Technical Function of Tracking Queries

Tracking queries, also known as queries where "Retrieve all records and save result history" or "Retrieve only the new records since query was last run" are set, are designed to enable Slate to track which particular records pulled into a query on a specific date and time.

Consider the following scenario:

You build a tracking query that pulls everyone that doesn't have a particular interaction code. In the filters (which goes into the "where" clause), you instruct it to find records without this code. You run it and we save the key (e.g., p.[id] for the person ID) to the [] table, which tracks each unique record that has been returned for a particular query run (also known as an execution). You look at the results, are happy, and use interaction management to give them that code. Two weeks later, you want to see who came into that query.

If we've preserved the original where clause (to say find records without this interaction code), we'll get 0 records back, because everyone who met the criteria originally no longer meets the criteria. For this reason, as a default policy, we omit the where clause when retrieving the results, as preserving it would break any tracking query where the criteria might cause data not to be included if you go back to look at it later.  Instead of the existing where clause, we substitute in a where clause that limits the records to the unique keys that were saved.

This is generally fine, except in circumstances where the information in the where clause is very significant for the purposes of the select statement. Consider this query:

select p.[name], f.[date] as [date of campus visit]
from [person] p
inner join [form] f on (f.[record] = p.[id])
where (f.[category] = 'Campus Visit')

If we dump the where clause and are keying only off p.[id], the [form] join will bring in *every* event, not just the campus visits. In these instances, if this were a custom SQL query,  we would need to do one of the following.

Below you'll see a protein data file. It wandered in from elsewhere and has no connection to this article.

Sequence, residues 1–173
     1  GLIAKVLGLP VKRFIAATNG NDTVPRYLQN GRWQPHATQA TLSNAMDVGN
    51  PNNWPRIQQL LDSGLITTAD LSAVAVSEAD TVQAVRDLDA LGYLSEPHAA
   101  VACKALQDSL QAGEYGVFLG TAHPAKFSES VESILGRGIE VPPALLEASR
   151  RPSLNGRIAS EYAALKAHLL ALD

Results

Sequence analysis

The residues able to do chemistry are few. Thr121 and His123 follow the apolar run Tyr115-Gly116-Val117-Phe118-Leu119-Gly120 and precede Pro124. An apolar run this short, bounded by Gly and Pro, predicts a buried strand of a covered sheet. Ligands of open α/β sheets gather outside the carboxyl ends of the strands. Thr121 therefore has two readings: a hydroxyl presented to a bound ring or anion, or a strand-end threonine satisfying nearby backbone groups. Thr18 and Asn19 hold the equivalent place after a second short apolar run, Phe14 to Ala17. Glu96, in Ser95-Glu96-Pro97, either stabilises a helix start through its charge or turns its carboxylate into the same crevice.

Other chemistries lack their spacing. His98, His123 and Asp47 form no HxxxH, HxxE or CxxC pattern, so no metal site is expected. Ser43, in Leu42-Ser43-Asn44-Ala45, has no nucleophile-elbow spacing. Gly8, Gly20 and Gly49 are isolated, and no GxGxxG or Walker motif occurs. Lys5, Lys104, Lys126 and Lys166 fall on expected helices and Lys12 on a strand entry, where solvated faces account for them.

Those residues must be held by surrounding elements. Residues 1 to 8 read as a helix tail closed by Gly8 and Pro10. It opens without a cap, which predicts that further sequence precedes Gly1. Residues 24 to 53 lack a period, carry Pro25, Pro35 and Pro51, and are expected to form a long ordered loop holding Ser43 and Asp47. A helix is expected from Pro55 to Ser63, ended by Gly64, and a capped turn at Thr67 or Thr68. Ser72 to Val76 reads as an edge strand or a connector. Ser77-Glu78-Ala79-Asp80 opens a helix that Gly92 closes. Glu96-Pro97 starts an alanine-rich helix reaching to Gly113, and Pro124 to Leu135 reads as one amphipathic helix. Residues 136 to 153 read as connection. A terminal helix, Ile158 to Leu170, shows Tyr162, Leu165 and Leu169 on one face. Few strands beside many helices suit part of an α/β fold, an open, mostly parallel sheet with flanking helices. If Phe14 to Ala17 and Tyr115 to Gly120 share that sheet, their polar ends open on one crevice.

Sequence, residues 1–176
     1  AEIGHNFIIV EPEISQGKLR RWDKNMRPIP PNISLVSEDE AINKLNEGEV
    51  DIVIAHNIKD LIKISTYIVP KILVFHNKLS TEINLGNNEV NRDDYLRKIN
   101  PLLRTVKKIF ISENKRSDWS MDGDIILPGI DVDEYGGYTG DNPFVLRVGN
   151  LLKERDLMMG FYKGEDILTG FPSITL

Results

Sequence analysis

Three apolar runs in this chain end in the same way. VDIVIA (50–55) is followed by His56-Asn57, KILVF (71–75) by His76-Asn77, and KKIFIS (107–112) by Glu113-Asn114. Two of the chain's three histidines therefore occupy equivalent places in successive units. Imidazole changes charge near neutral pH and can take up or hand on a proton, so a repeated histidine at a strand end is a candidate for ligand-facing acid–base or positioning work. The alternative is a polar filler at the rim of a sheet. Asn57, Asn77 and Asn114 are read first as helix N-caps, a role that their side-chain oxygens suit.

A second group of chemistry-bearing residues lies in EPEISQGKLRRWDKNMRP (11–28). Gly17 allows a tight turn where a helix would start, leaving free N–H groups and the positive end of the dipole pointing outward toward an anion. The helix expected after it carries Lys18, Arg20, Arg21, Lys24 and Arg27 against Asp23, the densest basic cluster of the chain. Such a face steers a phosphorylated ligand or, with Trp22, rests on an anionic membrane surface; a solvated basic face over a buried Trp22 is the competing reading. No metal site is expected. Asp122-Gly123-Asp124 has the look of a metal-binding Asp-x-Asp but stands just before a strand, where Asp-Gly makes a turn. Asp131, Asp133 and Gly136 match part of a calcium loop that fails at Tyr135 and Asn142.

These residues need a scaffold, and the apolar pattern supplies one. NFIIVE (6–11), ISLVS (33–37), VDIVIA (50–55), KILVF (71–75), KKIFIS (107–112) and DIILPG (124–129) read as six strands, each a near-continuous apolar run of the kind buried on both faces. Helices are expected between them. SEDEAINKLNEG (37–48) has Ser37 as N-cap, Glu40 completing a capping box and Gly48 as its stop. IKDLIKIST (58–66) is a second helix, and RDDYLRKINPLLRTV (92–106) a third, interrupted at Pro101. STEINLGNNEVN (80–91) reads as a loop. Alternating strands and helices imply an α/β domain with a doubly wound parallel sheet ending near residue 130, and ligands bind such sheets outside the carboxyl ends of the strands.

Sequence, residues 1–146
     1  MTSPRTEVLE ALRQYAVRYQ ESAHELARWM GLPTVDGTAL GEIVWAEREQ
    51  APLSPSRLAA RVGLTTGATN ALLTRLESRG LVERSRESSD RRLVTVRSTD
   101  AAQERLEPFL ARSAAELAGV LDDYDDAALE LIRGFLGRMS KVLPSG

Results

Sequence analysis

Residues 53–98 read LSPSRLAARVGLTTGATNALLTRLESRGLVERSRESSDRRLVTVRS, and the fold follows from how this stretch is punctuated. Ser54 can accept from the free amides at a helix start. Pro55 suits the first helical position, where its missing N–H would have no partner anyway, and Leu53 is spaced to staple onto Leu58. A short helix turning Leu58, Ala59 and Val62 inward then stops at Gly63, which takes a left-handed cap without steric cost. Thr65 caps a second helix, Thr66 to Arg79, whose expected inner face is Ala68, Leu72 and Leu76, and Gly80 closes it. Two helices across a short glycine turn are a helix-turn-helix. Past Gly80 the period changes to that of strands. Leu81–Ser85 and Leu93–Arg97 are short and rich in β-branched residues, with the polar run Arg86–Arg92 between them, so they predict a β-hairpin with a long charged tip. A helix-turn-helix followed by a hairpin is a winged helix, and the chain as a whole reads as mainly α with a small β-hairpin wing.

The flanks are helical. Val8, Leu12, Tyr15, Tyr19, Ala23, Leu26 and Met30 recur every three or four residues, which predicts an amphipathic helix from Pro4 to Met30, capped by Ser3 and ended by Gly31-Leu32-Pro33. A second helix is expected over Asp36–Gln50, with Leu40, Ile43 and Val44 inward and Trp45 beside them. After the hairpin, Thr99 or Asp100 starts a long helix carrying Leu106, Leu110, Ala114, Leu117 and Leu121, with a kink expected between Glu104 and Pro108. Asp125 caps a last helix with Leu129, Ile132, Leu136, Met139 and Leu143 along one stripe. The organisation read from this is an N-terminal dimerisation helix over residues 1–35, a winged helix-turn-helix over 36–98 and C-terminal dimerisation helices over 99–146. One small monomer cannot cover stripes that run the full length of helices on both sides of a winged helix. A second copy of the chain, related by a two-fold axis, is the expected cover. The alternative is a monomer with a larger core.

In option 1, we would add the following to the XML tab:


This would cause the query to key off two separate IDs, so that we can at least route back to the right person and to the right form.

In option 2, we would add the following to the XML tab:

<preserve />

This will signal for us to include the entire where clause when we fetch the results again later. Using the second key is typically the better approach, since re-including the where clause might still cause certain filters not to evaluate if they have date-specific items in there or the record no longer meets the criteria for whatever reason.

In the query builder (for queries that are not using custom SQL), we don't know what the second key would be (since query builder queries only have a single primary key), so we have a "Preserve Where Clause" option in the Admin Tool for filters that will force it to include all where clauses when pulling up a tracking query if at least one of them has this flag set. We cannot just include the where clause marked as such, since there could be parentheticals and "or" operators that could be significant.

Was this article helpful?
2 out of 4 found this helpful